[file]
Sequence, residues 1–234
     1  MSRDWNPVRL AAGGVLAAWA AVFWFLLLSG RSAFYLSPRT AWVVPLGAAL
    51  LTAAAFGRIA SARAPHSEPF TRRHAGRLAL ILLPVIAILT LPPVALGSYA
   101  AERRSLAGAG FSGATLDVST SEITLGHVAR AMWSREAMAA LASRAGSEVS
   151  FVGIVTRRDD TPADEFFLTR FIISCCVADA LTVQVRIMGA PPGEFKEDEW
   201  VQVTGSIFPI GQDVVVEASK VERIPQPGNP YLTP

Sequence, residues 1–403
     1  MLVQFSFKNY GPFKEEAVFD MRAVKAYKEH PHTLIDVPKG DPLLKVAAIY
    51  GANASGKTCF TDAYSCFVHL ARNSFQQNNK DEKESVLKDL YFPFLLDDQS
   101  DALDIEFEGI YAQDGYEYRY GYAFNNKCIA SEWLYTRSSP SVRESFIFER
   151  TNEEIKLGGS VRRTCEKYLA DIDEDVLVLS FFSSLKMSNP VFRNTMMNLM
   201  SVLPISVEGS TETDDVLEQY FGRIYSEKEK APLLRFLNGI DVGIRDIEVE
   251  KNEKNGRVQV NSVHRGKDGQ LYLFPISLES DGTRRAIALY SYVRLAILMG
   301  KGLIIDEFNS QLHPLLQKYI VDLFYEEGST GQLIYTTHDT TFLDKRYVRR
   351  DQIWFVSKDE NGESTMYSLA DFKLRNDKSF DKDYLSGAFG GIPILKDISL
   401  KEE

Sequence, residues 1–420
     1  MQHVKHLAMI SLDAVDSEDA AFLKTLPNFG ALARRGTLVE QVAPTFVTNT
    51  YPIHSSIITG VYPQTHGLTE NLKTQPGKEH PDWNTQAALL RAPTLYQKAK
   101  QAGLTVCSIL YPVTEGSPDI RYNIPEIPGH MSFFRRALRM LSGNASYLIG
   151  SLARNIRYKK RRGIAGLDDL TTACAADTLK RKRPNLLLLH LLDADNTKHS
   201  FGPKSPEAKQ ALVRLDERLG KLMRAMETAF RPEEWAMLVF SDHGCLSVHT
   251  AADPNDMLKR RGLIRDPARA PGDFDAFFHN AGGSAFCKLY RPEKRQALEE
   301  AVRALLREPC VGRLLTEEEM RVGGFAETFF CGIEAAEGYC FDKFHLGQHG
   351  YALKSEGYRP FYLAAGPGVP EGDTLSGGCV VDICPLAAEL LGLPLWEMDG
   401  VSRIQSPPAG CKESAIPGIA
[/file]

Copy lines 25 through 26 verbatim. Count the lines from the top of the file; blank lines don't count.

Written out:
   351  YALKSEGYRP FYLAAGPGVP EGDTLSGGCV VDICPLAAEL LGLPLWEMDG
   401  VSRIQSPPAG CKESAIPGIA